Thursday, January 26, 2006

Countdown to Adventure

After considerable delay while I mixed in other things, here is the final (probably) segment on the Adventure Team Near Space Vehicle, a model rocket designed to launch a 3 3/4" GI Joe (or compatible) Astronaut in Adventure Team style. Today's installment covers launch-pad, flight, and recovery pictures.

First, one more shot of "Captain Lanard" as we prepare the night before the launch. What a go getter! Already suited up and ready to go! Note the tiny Adventure Team astronaut patches on his chest and shoulder.

The launch was held on a grass farm outside Sheridan, Oregon, about 35 miles from where I live on the coast. The launch is focused on high-power rockets, which the NSV is decidedly not, so the size of the launch area is vast, and the distances between the safety ropes and the launch pads is considerably longer than is absolutely necessary for such a rocket. Keep that in mind when you see my launch photos. My zoom only goes so far, and I was a long way from this little foot-tall rocket. Good thing it's bright yellow!

This first shot is taken at the launch pad, as the rockets are being placed and hooked up for ignition. For those not familiar with model rockets, the metal rods guide the rocket until it is going fast enough for its fins to keep it going straight. Rockets are remotely fired using an electric igniter placed in the engine nozzle. The boxes underneath the launch pads are automotive batteries, which power the whole thing. The metal plates under each pads are blast deflectors, used to direct hot rocket exhaust away from the launcher itself, and to direct it away from the ground. (Given that it's a grass farm and often dry, grass fires are a real concern).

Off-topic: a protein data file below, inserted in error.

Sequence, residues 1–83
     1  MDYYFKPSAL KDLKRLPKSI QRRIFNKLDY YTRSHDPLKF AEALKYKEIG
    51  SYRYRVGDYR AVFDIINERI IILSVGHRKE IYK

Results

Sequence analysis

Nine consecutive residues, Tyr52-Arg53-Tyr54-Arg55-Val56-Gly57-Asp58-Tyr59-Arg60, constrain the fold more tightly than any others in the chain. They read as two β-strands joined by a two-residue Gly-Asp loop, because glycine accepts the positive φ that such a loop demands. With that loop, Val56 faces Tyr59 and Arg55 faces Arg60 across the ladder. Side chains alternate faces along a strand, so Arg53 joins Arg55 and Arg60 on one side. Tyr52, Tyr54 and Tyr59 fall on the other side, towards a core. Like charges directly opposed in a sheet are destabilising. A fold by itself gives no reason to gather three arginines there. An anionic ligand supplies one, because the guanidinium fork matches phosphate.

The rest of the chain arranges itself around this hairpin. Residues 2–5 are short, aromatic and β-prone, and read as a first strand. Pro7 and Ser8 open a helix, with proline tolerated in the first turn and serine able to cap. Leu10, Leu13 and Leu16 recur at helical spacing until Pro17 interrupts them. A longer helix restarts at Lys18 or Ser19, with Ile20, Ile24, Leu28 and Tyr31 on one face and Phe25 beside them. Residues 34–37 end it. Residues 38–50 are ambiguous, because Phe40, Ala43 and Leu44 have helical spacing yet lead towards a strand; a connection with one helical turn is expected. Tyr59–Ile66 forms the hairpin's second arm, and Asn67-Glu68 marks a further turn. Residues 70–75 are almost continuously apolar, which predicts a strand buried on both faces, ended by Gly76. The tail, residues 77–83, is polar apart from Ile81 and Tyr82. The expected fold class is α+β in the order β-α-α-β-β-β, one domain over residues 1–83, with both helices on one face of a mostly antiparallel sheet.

No, that's not me in the picture. The man and his daughter are hooking up an Estes kit rocket on the pad next to mine.

Here we see the fully loaded rack, waiting to fly. As you can see, the NSV isn't very big as model rockets go. In fact, the large white and pink (nothing Freudian here!) rocket is still what is considered "mid-power." "High power" rockets fly from a separate series of pads much further from the crowd line. They're out of sight to the right of the frame.

The first flight of the NSV was made using an Estes "C6-3" rocket motor. For a little motor, that's pretty big, a maximum of 3 pounds of thrust, and a burn time of 1.7 seconds. The "3" is the number of seconds in the coasting delay, which allows the rocket to reach maximum altitude before the parachute is deployed.

The C6-3 has an 18mm case diameter. The motor mount on the NSV was modified to use 24mm diameter motors, and therefore I had to use an adapter to use the smaller diameter engine.

Here's the actual lift-off. As I said, I was a long way away from the pad, and I've pulled out a detail and magnified it so you can see what is happening.

The small, light-colored line pointing straight down from the rocket is actually flame from the motor exhaust. It doesn't look like much, but concentrated on one point, it's very intense. I've seen rockets hang up on the launch rod, and burn a hole in the sheet-steel blast deflector.

Model rocketry has an amazing safety record (you're probably in far more danger going to a Little League game, much less actually playing in one), but the potential for injury and property damage is always there. Organized launches like this follow strict safety rules.

From this point, the rocket was moving too fast and high to follow with the camera. The flight was straight and near perfect. It actually got a lot more altitude out of the C6-3 than I had expected.